Full Mic Shootout coming up on The VO Meter, www.vometer.com. Get a sneak peak here!
That’s a wrap on an event 2 years in the making. This past weekend, I attended the Mid Atlantic Voice Over conference, 2o18. The event brings together voice over artists, coaches, marketing and branding specialists and vendors from all over the world. I am extremely blessed that it occurs almost in my backyard in Herndon, Virginia. Val Kelly with Mid-Atlantic Voiceover, LLC is the organizer, founder and all around Wonder Woman of the event, and I can’t thank her and her team enough for the fantastic job they do.
This year was dual purpose for me. I attended as a voice actor and was blown away by the amount of information presented by the amazing speakers. Hugh Edwards from Gravy for the Brain gave us all an accurate state of the industry to open the conference. Marc Scott, Tom Dheere and Rachael Naylor gave practical advice on running the business of voice over. Celia Siegel showed everyone how to brand their business properly, Brigid Reale and Dan Friedman offered advice for beginners. Then, the performance content was off the charts. Johnny Heller spoke about how to perform in audiobooks, then how to actually book them. Joe Cipriano had folks live reading to promos complete with video and SOT, Sunday Muse showed us how to embody a character. Finally, Sara Sherman and Kari Wahlgren demonstrated character acting in animation. Whew, I’m out of breath just recapping it all!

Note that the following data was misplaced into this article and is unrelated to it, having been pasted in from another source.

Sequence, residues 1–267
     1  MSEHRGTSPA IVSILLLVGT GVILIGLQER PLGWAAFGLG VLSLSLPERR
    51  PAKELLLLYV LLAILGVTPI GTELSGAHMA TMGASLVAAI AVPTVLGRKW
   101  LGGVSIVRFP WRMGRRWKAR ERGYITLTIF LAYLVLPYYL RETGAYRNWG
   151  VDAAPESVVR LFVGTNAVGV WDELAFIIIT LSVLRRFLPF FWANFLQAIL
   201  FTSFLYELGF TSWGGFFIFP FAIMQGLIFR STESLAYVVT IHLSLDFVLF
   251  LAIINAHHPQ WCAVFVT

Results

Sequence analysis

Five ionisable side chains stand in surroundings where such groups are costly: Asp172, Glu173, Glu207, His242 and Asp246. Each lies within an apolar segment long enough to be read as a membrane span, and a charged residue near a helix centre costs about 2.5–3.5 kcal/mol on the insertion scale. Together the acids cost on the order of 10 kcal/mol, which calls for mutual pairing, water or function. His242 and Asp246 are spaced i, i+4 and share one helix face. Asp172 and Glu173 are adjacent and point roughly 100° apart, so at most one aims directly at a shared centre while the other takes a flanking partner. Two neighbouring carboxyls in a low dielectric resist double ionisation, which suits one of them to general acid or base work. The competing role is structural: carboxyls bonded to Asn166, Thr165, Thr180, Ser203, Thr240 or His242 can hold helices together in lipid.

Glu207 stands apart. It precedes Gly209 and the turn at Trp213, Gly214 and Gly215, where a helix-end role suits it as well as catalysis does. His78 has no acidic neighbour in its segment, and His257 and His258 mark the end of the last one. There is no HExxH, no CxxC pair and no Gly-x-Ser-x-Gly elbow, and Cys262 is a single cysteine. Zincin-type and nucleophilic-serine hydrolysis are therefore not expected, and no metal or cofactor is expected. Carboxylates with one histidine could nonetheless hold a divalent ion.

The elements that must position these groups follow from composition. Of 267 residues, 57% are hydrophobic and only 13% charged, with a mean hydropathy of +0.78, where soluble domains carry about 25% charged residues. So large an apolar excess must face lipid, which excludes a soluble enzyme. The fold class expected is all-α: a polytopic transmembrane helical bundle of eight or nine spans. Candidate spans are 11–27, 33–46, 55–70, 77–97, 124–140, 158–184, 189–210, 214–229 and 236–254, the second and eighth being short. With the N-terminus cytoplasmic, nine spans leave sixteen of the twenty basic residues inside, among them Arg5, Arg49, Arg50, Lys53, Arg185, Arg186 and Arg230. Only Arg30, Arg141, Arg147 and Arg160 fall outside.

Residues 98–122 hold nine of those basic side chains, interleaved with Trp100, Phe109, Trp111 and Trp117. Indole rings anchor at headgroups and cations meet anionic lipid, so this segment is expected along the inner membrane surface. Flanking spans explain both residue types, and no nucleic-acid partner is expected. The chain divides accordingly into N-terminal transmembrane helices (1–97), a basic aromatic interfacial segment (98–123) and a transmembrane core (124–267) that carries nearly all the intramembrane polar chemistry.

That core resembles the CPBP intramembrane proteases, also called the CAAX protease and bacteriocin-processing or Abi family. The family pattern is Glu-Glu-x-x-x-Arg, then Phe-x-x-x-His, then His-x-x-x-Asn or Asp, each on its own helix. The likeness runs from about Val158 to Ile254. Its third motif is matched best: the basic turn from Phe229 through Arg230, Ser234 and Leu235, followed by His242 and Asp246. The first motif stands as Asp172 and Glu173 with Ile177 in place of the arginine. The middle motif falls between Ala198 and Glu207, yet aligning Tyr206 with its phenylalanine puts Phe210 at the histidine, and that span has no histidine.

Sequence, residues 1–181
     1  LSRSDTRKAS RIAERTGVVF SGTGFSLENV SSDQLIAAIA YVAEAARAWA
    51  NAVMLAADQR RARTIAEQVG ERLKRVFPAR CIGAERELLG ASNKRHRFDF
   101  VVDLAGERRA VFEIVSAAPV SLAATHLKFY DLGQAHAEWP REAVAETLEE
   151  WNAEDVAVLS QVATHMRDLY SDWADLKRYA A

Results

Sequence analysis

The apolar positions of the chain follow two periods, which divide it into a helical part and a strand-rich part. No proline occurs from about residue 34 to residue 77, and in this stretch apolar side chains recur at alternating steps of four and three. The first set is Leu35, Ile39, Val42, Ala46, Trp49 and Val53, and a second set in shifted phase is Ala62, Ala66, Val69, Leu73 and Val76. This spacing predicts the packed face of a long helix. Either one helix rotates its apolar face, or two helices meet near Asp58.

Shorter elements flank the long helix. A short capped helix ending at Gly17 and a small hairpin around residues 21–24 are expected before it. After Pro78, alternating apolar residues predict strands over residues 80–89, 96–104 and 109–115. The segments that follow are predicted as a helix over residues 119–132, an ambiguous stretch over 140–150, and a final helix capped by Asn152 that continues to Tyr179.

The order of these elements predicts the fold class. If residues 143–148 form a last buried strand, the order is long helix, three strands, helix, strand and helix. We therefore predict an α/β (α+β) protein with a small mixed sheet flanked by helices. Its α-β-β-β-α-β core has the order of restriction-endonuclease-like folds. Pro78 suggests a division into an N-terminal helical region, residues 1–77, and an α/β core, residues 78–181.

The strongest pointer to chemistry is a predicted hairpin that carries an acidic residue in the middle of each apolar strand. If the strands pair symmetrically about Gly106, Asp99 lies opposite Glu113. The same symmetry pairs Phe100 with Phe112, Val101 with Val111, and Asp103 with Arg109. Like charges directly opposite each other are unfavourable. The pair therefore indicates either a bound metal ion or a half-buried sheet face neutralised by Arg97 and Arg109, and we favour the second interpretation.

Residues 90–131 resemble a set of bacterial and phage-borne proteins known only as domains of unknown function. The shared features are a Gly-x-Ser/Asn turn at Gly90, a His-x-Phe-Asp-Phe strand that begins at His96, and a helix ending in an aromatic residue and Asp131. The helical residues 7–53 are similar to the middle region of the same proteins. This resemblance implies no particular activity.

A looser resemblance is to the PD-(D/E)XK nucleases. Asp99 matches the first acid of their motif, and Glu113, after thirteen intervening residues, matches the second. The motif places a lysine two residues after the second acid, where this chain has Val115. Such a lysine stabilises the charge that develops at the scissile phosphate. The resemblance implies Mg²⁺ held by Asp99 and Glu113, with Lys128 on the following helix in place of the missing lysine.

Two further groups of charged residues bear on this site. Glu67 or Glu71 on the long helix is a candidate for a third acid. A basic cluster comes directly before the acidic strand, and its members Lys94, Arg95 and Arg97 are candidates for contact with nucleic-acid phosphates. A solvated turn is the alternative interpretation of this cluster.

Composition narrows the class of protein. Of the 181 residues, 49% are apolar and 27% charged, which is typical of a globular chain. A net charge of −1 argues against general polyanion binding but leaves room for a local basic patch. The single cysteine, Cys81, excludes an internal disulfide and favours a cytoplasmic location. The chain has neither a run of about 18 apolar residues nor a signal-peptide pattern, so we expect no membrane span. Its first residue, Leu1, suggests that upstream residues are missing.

I also need to mention the first ever MAVO Kids Program. Sara Sherman took a group of lucky kids on their own private conference for the Sunday portion of the event. My Son and Daughter were part of the program and I could not be more impressed. They got to act out characters, live direct each other and even had an honest to goodness table read! They were on cloud nine when it was over and I can’t thank Val and Sara enough for providing that opportunity.
As I said, I was there for another purpose, representing my show The VO Meter, as the Official Podcast Partner of the conference. This allowed us the opportunity to interview all the presenters, sponsors and some of the attendees, LIVE on the show floor as it went on. We will be releasing some content every day for the next few weeks, culminating in a full episode in December. While my co-host Sean Daeley joined us over our sponsor, ipDTL for a few sessions, I have to thank Ken Foster for being my wing-man throughout the show. His support was invaluable. We used the VOMO from our sponsor vocalboothtogo in order to conduct the interviews and it worked out great to cut down on ambient sound. The response to the show was fantastic. I have to thank Val again for the chance to be included with the amazing list of presenters.
All in all, MAVO 2018 was fantastic. Sure I came back with the conference “hangover”. Not in the sense you are thinking, but in the sense that after having such a great time with what really is my voice over “family” it’s tough to get back to work come Monday. That, however, is when it’s time to use all the practical knowledge we learned at the conference.